Articles, Opinions & Views: There will never be a right time to 'spook the Malays' - By Commander S THAYAPARAN (Retired) Royal Malaysian Navy
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In A Foxhole
“When you're left wounded on

Afganistan's plains and

the women come out to cut up what remains,

Just roll to your rifle

and blow out your brains,

And go to your God like a soldier”

“We are not retreating. We are advancing in another direction.”

“It is fatal to enter any war without the will to win it.”

“Old soldiers never die; they just fade away.

“The soldier, above all other people, prays for peace,

for he must suffer and be the deepest wounds and scars of war.”

“May God have mercy upon my enemies, because I won't .”
“The object of war is not to die for your country but to make the other bastard die for his.

“Nobody ever defended anything successfully, there is only attack and attack and attack some more.

“Fixed fortifications are a monument to the stupidity of man."
“It is foolish and wrong to mourn the men who died.
Rather we should thank God that such men lived.

The Soldier stood and faced God


Which must always come to pass

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He hoped his shoes were shining

Just as bright as his brass

"Step forward you Soldier,

How shall I deal with you?


Have you always turned the other cheek?


To My Church have you been true?"


"No, Lord, I guess I ain't


Because those of us who carry guns


Can't always be a saint."

I've had to work on Sundays

And at times my talk was tough,

And sometimes I've been violent,

Because the world is awfully rough.

But, I never took a penny

That wasn't mine to keep.

Though I worked a lot of overtime

When the bills got just too steep,

The Soldier squared his shoulders and said

And I never passed a cry for help

Though at times I shook with fear,

And sometimes, God forgive me,

I've wept unmanly tears.

I know I don't deserve a place

Among the people here.

They never wanted me around


Except to calm their fears.


If you've a place for me here,


Lord, It needn't be so grand,


I never expected or had too much,


But if you don't, I'll understand."

There was silence all around the throne

Where the saints had often trod

As the Soldier waited quietly,

For the judgment of his God.

"Step forward now, you Soldier,

You've borne your burden well.

Walk peacefully on Heaven's streets,

You've done your time in Hell."

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There will never be a right time to 'spook the Malays' - By Commander S THAYAPARAN (Retired) Royal Malaysian Navy
Saturday, June 02, 2018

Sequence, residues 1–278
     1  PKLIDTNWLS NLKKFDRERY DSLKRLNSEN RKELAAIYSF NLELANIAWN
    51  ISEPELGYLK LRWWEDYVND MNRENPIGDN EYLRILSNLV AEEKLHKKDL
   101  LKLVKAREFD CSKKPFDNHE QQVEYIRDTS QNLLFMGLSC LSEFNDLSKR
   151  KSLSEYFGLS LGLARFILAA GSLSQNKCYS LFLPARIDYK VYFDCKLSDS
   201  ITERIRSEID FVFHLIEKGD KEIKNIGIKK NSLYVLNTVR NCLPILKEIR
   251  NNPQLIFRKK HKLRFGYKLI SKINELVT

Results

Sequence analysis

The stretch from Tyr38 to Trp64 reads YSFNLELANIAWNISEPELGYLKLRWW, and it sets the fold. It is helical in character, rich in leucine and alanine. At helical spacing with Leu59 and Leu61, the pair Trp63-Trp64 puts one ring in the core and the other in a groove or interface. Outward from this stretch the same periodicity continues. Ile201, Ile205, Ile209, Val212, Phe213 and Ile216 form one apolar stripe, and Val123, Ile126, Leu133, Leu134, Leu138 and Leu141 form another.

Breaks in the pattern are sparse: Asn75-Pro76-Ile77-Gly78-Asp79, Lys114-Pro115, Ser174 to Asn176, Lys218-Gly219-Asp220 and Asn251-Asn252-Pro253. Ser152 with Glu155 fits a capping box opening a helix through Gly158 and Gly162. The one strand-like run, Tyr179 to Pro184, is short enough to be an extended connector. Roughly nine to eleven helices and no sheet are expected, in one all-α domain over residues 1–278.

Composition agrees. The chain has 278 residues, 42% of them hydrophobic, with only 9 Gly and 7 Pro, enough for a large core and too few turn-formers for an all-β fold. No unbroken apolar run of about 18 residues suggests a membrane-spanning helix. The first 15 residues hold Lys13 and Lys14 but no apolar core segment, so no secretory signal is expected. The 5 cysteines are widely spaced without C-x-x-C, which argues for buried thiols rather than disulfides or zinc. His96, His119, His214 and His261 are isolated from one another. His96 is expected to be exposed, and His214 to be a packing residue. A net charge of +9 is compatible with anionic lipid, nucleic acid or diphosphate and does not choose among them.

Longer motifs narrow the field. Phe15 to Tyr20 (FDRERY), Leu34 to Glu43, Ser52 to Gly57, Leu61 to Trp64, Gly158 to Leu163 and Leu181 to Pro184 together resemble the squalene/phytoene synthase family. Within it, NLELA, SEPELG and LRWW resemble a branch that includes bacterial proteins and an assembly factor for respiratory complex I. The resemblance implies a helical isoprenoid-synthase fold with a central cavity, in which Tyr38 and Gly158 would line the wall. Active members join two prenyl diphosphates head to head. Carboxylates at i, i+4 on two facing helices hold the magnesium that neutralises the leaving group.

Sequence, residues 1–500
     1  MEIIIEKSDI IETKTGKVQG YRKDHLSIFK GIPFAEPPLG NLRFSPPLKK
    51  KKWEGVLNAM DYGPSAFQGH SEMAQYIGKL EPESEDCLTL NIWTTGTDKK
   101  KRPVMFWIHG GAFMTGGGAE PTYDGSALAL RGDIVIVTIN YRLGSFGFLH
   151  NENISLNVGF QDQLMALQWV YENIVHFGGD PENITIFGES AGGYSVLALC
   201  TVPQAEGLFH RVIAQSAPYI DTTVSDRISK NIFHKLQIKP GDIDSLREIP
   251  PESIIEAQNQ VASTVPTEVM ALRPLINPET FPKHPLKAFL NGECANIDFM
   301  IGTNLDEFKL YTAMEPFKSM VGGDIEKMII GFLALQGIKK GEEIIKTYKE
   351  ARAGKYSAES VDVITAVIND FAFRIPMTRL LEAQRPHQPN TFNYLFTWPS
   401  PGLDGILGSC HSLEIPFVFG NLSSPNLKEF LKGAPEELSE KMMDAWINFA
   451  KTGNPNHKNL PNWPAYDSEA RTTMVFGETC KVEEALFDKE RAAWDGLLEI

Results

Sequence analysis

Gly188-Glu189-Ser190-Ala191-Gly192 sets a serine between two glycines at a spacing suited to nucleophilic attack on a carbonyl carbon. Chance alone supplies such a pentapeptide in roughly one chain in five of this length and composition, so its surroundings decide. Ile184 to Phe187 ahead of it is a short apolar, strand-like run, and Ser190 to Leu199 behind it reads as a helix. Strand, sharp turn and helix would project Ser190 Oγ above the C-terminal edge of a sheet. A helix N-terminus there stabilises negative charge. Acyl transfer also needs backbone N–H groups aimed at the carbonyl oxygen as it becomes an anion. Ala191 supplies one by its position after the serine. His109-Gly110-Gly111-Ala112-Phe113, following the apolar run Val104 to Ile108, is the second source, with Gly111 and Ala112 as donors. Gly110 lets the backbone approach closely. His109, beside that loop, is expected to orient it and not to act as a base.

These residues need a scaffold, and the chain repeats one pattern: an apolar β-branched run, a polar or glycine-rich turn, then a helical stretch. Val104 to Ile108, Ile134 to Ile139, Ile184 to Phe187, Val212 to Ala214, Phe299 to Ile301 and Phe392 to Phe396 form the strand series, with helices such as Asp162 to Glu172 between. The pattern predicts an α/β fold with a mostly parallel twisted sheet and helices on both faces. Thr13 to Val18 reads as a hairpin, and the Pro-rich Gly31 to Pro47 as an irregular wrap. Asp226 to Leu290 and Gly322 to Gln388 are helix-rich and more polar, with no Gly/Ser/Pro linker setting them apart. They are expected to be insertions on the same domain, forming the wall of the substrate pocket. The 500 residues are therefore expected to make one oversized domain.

Malaysiakini : What do we do now? – Bill Mckay, The Candidate
COMMENT | The last time someone tried to 'spook' the Malays about Universiti Teknologi Mara (UiTM) was when Abdul Khalid Ibrahim was PKR’s big cheese in Selangor, and the ensuring ruckus necessitated that the then opposition party assume the predictable supine position when confronted with 'Malay rights'.
Just why was such a suggestion made to open up UiTM to non-bumiputera participation? According to Khalid, the menteri besar at the time, "The state government proposed this because we want to increase our competency in higher education."
"But wait," you may ask, "why is this Malay politician rocking the opposition boat? Isn't Malay thinking is monolithic?" Before assuming the supine position, these words escaped Khalid’s mouth: "...it was a sincere suggestion by someone who has the best interests of the Malays and Malaysian community at heart (and) at times it is good for us to accept advice because it will help in global development."
Or how about this. The G25 recently said that Islamic Strategic Research Malaysia (Iksim) should be abolished “...as we are not sure what they are doing, but maligning other Muslims as apostates and liberals.” Or this. Former Umno MP Tawfik Ismail calling for Iksim’s abolishment, but urging the government to dissolve Jakim immediately. "If the constitution is followed by politicians, Jakim is unnecessary,” he told The Star.
So effective is the brainwashing that these Malays are only ever needed when they point to how bad the old administration was, but when they want real reforms that would truly save Malaysia, Pakatan Harapan political operatives are silent.
Sure, they get to appear before the Harapan-designed Insti­tu­tional Reforms Committee, but what they really need is the support of politicians who ultimately make these decisions. There’s a difference between appearing to do something and actually doing it.
Meanwhile, the then-Umno prime minister Najib Abdul Razak warned that Khalid had no power to compel the university to change its intake policy. You could say that perhaps now when someone suggests that the Harapan regime can influence this 'intake' decision, they could do something about it. But they won’t, and most of the Harapan faithful would agree that this is not the time to 'spook' the Malays.